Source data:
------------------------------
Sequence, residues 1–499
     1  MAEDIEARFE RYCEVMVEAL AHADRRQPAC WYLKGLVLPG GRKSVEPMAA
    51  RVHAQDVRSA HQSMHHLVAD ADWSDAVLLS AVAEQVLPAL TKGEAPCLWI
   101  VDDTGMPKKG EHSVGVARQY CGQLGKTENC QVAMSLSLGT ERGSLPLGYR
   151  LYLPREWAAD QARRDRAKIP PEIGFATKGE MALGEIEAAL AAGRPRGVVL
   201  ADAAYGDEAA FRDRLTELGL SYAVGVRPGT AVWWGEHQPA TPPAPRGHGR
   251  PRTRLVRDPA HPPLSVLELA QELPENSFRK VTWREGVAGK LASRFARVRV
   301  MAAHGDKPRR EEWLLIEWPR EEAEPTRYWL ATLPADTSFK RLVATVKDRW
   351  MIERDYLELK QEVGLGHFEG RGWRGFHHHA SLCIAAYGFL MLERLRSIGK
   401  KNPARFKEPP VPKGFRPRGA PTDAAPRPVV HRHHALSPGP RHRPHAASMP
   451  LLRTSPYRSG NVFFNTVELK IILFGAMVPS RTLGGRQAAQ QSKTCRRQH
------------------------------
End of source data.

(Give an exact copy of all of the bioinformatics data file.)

Sequence, residues 1–499
     1  MAEDIEARFE RYCEVMVEAL AHADRRQPAC WYLKGLVLPG GRKSVEPMAA
    51  RVHAQDVRSA HQSMHHLVAD ADWSDAVLLS AVAEQVLPAL TKGEAPCLWI
   101  VDDTGMPKKG EHSVGVARQY CGQLGKTENC QVAMSLSLGT ERGSLPLGYR
   151  LYLPREWAAD QARRDRAKIP PEIGFATKGE MALGEIEAAL AAGRPRGVVL
   201  ADAAYGDEAA FRDRLTELGL SYAVGVRPGT AVWWGEHQPA TPPAPRGHGR
   251  PRTRLVRDPA HPPLSVLELA QELPENSFRK VTWREGVAGK LASRFARVRV
   301  MAAHGDKPRR EEWLLIEWPR EEAEPTRYWL ATLPADTSFK RLVATVKDRW
   351  MIERDYLELK QEVGLGHFEG RGWRGFHHHA SLCIAAYGFL MLERLRSIGK
   401  KNPARFKEPP VPKGFRPRGA PTDAAPRPVV HRHHALSPGP RHRPHAASMP
   451  LLRTSPYRSG NVFFNTVELK IILFGAMVPS RTLGGRQAAQ QSKTCRRQH